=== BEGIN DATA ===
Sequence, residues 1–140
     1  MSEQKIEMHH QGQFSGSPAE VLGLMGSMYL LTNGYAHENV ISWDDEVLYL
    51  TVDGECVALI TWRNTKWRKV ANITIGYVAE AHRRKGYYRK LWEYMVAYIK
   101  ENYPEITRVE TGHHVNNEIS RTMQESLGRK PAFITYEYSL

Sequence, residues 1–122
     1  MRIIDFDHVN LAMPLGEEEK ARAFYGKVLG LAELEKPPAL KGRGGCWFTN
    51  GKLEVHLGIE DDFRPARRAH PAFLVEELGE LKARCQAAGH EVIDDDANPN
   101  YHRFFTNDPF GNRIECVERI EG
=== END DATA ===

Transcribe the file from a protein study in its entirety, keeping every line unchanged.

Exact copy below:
Sequence, residues 1–140
     1  MSEQKIEMHH QGQFSGSPAE VLGLMGSMYL LTNGYAHENV ISWDDEVLYL
    51  TVDGECVALI TWRNTKWRKV ANITIGYVAE AHRRKGYYRK LWEYMVAYIK
   101  ENYPEITRVE TGHHVNNEIS RTMQESLGRK PAFITYEYSL

Sequence, residues 1–122
     1  MRIIDFDHVN LAMPLGEEEK ARAFYGKVLG LAELEKPPAL KGRGGCWFTN
    51  GKLEVHLGIE DDFRPARRAH PAFLVEELGE LKARCQAAGH EVIDDDANPN
   101  YHRFFTNDPF GNRIECVERI EG